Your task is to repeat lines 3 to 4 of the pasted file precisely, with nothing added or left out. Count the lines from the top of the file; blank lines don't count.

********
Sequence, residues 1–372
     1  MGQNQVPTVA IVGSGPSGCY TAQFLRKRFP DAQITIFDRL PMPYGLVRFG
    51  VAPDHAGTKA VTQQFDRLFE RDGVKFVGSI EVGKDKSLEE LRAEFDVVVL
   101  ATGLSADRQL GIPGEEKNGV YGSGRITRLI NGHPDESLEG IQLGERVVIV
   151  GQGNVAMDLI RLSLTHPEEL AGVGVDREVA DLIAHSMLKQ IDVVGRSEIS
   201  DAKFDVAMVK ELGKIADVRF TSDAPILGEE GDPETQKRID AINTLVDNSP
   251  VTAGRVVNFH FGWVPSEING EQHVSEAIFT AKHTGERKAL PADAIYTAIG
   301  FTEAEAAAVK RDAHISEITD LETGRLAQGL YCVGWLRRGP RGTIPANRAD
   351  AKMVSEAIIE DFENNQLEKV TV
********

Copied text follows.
    51  VAPDHAGTKA VTQQFDRLFE RDGVKFVGSI EVGKDKSLEE LRAEFDVVVL
   101  ATGLSADRQL GIPGEEKNGV YGSGRITRLI NGHPDESLEG IQLGERVVIV